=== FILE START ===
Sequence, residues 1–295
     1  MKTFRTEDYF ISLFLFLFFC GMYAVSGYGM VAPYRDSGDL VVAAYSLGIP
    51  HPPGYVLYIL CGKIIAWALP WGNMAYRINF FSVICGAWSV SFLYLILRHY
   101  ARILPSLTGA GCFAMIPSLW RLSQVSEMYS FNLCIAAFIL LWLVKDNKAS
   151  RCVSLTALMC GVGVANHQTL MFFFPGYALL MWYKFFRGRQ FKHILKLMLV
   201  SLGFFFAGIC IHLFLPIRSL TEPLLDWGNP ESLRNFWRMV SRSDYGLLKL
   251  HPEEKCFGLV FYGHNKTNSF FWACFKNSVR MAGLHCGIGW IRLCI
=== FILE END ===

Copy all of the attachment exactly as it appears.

Sequence, residues 1–295
     1  MKTFRTEDYF ISLFLFLFFC GMYAVSGYGM VAPYRDSGDL VVAAYSLGIP
    51  HPPGYVLYIL CGKIIAWALP WGNMAYRINF FSVICGAWSV SFLYLILRHY
   101  ARILPSLTGA GCFAMIPSLW RLSQVSEMYS FNLCIAAFIL LWLVKDNKAS
   151  RCVSLTALMC GVGVANHQTL MFFFPGYALL MWYKFFRGRQ FKHILKLMLV
   201  SLGFFFAGIC IHLFLPIRSL TEPLLDWGNP ESLRNFWRMV SRSDYGLLKL
   251  HPEEKCFGLV FYGHNKTNSF FWACFKNSVR MAGLHCGIGW IRLCI